I’m so happy to have Cassie Stocks, the author of Dance, Gladys, Dance, guest posting on my blog today. If you didn’t read my review of her book yesterday, go check it out! You can also read an excerpt HERE
Join me in welcoming Cassie -
The Problems of Characters
My name is Cassie Stocks and I have a character problem. It’s not that I have trouble creating them or that, once created, they wreak havoc on my carefully crafted story. The problem is that they appear too regularly in my beleaguered brain. If I let my mind have its way, I’d be writing Russian-style novels in which the reader would have to keep a list of all the characters in order to follow the story.
The problem is once a character occurs to me, they seem to arise fully formed and oh so interesting that to not use them seems like some form of murder. How to relegate a named person with foibles and dreams and an interesting past to the ‘Not Using’ file?
Sometimes I don’t have to, the character Girl (just about everyone’s favorite) in Dance, Gladys, Dance was originally to be a bit character, but once she emerged in all her disheveled glory, I kept on with her and she ended up being an integral part of the story (let me apologize in advance for what happens to her). Marilyn, the wildly drunken screenwriter, appeared because someone needed to answer the door in the deadbeat hotel that Frieda is taken to visit. I honestly didn’t know who was going to answer the door. When Marilyn appeared she too ended up having a story to tell that affected the main story.
I think it’s more than a little like real life. The people we meet all have their stories, pasts, dreams, interesting connections, and complex inner lives but we rarely come to know them in all their individual glory. The complexities of an inner self make people interesting. ‘Why’ is the operative question I have to keep asking myself. In real life, if I want to, I can say, “Bob is a jerk” and leave it at that. In writing fiction, if Character A is a jerk, I have to ask, “Why is he a jerk?” Did his best goldfish just die? Is he ill? Did he always want to be a ballet dancer but had weak ankles? Did he lose someone important to him and never recover? It’s a valuable intellectual/psychological exercise for me. If I can find compassion for Jerk Character A in my fiction, maybe, in real life, I can extend Bob the Jerk the same empathy. As a writer, it’s the most interesting thing I get to do, to delve into a person profoundly to discover everything about them, to stretch the boundaries of what I know about different types of people, and to discover what lies beneath the surface of their behavior.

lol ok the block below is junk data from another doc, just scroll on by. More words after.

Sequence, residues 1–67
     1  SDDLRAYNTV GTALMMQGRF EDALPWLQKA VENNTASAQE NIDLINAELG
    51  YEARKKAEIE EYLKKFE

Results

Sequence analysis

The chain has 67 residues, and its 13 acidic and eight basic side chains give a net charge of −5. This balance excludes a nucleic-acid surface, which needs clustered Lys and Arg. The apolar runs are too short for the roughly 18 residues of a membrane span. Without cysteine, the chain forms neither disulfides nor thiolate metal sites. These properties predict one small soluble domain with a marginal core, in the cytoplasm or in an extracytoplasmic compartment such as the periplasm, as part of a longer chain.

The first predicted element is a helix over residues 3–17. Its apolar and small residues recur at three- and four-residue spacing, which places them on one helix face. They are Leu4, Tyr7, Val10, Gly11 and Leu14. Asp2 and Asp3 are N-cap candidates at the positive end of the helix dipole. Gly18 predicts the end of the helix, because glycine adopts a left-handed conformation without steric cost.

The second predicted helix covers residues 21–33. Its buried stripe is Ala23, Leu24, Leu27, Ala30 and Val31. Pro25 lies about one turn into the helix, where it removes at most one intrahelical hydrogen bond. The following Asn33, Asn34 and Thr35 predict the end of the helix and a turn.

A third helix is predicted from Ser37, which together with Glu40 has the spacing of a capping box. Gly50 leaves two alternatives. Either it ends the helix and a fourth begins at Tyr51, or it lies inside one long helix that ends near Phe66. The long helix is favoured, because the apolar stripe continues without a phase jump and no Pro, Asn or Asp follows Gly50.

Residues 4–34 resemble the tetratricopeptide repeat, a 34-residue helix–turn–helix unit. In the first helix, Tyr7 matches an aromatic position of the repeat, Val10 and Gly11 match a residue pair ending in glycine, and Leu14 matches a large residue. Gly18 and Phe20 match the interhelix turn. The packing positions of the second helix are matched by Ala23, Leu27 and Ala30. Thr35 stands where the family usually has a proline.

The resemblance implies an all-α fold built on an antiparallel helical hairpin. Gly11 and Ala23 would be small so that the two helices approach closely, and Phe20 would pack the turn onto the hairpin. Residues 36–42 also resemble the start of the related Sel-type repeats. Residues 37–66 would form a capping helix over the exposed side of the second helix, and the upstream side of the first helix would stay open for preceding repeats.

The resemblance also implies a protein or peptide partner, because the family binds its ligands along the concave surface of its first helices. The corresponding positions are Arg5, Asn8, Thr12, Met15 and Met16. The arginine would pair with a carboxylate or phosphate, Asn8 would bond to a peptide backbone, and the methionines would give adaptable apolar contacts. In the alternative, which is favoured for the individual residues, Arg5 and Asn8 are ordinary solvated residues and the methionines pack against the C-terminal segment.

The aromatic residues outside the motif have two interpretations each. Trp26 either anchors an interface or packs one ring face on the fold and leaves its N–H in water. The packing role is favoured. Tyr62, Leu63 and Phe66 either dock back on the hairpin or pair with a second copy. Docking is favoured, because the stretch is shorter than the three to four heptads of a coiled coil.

Thanks so much, Cassie!
And now for the giveaway details. I have one copy to give away to one lucky Canadian. Comment on this post with your email address. Then, tell me what your favourite book by a Canadian author is. For another entry, tell me if you’ve ever seen a ghost! (for me, the answers are Anne of Green Gables and no) Contest ends on August 1oth. Good luck!